Originally updated Feb. 19, 2019, 12:44 p.m.
Documents released by the county last week show Human Resources Director Danielle Yarbrough, a 20-year county employee, was fired Feb. 8 after it became known she had received confidential information from a commissioner via email.
In a termination letter dated Feb. 8, County Manager David Headley explained why he fired Yarbrough, stating that though she had no control over receiving the documents, she violated a recently-signed confidentiality agreement by not taking steps to notify him upon receipt.
District 4 Commissioner Julie Hughes Nix, the commissioner who sent the emails, is facing a resolution of censure from the rest of the board during Thursday’s voting session.
According to the resolution, censure is the “appropriate form of reprimand for a commissioner acting out of order.”
The resolution states that Nix acted out of order when she sent emails to an employee on repeated occasions, despite the fact that that the communications were specifically marked confidential and attorney-client privileged.
“Despite this specific admonition, such communications were forwarded by Commissioner Nix in violation of the attorney-client privilege when such communications were concerning personnel issues about the very employee to whom she forwarded the communications, this employee was represented by an attorney, and this employee was taking positions adverse to Dawson County’s interests,” the resolution reads.
The resolution also notes that if Nix continues the practice of breaching attorney-client privilege and the executive session privilege, the board would be left with no choice but to take legal action against her.
Nix said Tuesday that she accepts responsibility for her actions.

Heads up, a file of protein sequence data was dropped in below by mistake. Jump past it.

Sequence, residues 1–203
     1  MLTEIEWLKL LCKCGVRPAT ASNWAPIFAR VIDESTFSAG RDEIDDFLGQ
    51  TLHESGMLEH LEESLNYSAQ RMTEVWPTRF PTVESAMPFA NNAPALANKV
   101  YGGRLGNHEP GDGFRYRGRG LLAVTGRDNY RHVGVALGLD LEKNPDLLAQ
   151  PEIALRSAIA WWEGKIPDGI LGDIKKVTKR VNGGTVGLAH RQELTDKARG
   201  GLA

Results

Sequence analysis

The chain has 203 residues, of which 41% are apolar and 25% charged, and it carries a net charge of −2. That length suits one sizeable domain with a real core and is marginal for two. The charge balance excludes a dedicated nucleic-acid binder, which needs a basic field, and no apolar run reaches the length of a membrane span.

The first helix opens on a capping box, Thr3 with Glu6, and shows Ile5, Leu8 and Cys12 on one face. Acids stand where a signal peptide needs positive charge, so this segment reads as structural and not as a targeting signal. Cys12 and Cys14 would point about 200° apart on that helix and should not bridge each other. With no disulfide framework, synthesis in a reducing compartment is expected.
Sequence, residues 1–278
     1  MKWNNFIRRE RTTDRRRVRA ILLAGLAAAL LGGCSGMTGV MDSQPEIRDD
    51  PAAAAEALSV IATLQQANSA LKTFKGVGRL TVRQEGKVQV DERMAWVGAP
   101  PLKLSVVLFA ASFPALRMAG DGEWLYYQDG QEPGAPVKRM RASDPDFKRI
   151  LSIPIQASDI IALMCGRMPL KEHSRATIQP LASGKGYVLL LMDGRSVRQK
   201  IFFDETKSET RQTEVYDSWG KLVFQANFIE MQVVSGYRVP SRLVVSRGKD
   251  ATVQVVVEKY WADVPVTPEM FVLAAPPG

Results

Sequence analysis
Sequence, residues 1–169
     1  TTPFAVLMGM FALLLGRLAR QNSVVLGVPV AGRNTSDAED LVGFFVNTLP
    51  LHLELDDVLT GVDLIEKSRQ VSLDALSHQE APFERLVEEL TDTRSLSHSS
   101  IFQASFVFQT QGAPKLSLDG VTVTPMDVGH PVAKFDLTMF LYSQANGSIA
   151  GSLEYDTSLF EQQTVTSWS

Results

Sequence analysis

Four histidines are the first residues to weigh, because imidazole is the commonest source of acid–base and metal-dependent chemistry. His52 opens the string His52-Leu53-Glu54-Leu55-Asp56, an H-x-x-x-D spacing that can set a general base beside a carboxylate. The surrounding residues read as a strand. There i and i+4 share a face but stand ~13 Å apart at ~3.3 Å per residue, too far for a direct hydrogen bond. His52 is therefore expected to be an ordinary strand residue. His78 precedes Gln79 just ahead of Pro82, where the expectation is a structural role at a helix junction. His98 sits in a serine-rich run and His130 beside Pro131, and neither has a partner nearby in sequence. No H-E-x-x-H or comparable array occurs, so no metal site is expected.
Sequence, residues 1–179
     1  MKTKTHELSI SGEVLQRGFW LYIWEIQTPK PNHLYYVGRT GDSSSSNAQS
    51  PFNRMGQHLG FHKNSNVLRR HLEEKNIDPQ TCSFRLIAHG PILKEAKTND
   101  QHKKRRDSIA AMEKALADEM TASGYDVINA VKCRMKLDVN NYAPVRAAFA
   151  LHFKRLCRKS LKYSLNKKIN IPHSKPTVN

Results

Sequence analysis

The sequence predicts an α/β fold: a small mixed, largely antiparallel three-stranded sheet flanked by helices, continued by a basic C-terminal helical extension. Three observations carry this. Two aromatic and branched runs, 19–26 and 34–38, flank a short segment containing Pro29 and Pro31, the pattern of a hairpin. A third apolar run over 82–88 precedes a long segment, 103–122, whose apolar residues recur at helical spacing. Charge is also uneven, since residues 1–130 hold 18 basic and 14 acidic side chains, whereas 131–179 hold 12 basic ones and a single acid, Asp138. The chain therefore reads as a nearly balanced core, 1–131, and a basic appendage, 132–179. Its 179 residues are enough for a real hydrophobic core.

“I made inadvertent mistakes and have already apologized to the board, and they wanted to take it before the citizens.” Nix said. “I apologize to the citizens and all of my supporters.”
Commission Chairman Billy Thurmond had no comment on Tuesday.
Previously, Headley had sent Yarbrough a formal review of her performance in the HR director role on Jan. 18, in which he consistently marked her performance as “below expectations” and “unsatisfactory,” particularly in regard to how she handled sensitive or confidential information.
“Discretion is not maintained and there are times that information makes its way to selected commissioners on sensitive personnel issues,” he wrote. “I have counselled Ms. Yarbrough and other senior staff members on these issues, and reminded her and them to follow appropriate channels of communication and the chain of command as required by county policy and by the county manager form of government in which we function.”
(In the county manager form of government, the commission fills a policy making role while the appointed manager is responsible for executive functions including personnel management.)
He also wrote that Yarbrough “needs to comply with county policy that prohibits disclosure of information without specific approval.”